8. Dashboard Confessional-The Shade of Poison Trees (Vagrant)
Dashboard combines elements of all their releases, reigniting the personal acoustic feel of the first few albums with the maturity that has been reached on the last few albums. No longer is this a whiny emo band, but they also aren’t writing top 40 hits that will only get plays on VH1.
While Carabba continues to pen songs that tend to deal with relationships, he is able to write for his age instead of trying to recapture the tone he had in his youth. And the obvious influences from all different eras of Dashboard makes for an impressive sound.
Standout Track: “Where There’s Gold”- this great warning against adultery and materialism is also the catchiest and wittiest track on the album.

7. The Rocket Summer-Do You Feel? (Island)
Bryce Avary is a masterful young musician who continues to improve upon his sound with infectious pop melodies and amazing hooks that hit you from all angles. This album continues in the same addition that begins with dance-y “Break it Out” and ends with the reflective “So, In This Hour.”
While there are a few weak tracks (“Waiting” Hold It Up”), it still has plenty of instances of improvement. What is great is that Avary can switch seamlessly between great pop songs like “So Much Love” to social commentary on “High Life Scenery” and even worshipful moments such as “Run to You.”
Standout Track: “So, In This Hour”- In the end, this is the most impressive moment on this album. A beautiful depiction of the struggles of a believer trying to get a better grip on faith while discovering his purpose in life.

6. Falling Up-Captiva (BEC)
With their third album, Falling Up matures their sound and improves upon their winning formula with some challenging lyrics and brave musical choices. Rather than just churning out an album full of ready to radio songs (which they seemed to do with Dawn Escapes), Falling Up does their best to create a unique sound, which is why I fell in love with them in the first place.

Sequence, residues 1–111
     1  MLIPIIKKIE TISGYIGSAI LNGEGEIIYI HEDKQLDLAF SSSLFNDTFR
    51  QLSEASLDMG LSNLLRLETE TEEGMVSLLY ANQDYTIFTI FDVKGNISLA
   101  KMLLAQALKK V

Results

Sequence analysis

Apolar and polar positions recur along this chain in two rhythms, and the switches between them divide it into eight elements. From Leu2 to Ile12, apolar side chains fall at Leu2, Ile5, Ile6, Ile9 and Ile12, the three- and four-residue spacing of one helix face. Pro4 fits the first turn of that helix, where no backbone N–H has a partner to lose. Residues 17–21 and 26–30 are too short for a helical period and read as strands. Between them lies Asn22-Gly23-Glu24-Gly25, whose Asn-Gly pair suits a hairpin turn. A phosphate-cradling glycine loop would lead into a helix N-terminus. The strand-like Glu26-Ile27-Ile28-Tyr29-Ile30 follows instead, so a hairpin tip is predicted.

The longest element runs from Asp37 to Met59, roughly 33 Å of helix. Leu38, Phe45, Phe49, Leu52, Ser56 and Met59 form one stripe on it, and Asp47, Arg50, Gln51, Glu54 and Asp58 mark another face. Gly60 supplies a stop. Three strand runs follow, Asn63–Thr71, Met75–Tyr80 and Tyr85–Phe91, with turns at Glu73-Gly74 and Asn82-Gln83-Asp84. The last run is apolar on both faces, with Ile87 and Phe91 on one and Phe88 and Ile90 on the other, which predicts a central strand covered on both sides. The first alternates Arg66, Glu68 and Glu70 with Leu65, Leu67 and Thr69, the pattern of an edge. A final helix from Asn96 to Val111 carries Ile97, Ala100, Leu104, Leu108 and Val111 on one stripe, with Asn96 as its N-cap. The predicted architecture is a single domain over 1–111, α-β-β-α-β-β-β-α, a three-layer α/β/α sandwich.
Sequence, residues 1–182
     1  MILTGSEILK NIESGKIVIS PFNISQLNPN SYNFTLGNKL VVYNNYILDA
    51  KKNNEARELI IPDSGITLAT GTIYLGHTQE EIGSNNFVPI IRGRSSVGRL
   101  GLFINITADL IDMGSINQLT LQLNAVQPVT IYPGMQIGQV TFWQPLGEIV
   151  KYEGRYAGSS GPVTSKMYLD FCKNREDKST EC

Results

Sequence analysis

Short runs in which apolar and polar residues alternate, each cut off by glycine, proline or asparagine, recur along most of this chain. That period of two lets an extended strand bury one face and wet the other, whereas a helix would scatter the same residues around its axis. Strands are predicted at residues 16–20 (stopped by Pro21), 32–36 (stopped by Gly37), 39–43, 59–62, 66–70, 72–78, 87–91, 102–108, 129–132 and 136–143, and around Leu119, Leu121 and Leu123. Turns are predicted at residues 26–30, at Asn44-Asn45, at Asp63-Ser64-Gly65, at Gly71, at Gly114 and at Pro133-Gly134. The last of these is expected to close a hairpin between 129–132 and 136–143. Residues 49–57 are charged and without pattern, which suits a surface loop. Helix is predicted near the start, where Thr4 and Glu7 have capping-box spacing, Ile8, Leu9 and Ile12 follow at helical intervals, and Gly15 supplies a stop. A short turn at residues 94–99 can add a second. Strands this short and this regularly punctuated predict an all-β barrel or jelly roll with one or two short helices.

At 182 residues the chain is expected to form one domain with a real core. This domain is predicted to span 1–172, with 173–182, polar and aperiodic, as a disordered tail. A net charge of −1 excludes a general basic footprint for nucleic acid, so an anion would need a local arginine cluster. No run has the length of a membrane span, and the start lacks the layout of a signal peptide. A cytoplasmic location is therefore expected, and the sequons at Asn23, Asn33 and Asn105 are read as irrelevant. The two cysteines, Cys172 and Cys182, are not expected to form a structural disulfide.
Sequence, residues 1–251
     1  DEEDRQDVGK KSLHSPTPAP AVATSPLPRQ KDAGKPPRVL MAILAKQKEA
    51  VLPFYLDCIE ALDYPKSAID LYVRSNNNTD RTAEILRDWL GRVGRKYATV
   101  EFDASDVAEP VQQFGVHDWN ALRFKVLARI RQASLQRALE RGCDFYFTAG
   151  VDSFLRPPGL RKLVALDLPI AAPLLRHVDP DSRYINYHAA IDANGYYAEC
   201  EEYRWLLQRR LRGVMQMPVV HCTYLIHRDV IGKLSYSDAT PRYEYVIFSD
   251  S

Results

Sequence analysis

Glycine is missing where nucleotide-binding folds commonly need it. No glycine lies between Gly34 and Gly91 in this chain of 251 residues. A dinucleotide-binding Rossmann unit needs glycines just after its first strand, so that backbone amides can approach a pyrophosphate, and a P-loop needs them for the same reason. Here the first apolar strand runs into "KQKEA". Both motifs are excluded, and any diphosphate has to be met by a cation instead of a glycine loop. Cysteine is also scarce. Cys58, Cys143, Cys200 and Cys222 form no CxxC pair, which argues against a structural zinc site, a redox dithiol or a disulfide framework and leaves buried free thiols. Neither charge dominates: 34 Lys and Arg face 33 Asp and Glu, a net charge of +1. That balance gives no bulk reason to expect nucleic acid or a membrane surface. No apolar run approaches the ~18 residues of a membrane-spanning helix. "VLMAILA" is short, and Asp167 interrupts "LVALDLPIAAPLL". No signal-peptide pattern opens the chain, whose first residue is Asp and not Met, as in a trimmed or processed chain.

Although it has more melancholy moments than any of their other work and certainly keeps a slower pace, it has some brilliant moments and some unexpected twists. While “Goodnight Gravity” contains that recognizable energy we’ve come to associate with these guys, I never expected something as captivating as “The Dark Side of Indoor Track Meets” to make its way onto a Falling Up album. Standout Track: “How They Made Cameras”- this is an indefinite choice because the best thing about this album is that there aren’t a few good tracks packed in with a bunch of “ok” ones, they’re all solid. But this song has some of the most beautiful lyrics that really highlight the desperation of man without a savior.

5. Relient K-Five Score and Seven Years Ago (Capitol/Gotee)
While I was vocally let down by this album on many levels because it didn’t live up to the standard set by MmHmm, these songs really grew on me with repeated listens. After seeing how far Relient K can go, there are strong tracks such as “I Need You” that I feel could have been even stronger, but the material is still solid and enjoyable.
This is probably the most varied collection of Relient K songs, as “Give” serves as a prayerful CCM style songs and “Devastation and Reform” showcases their harder side and “Must Have Done Something Right” proved to be a great pop single. There are plenty of great Relient K moments and they continue stretch their boundaries and take their music in different directions.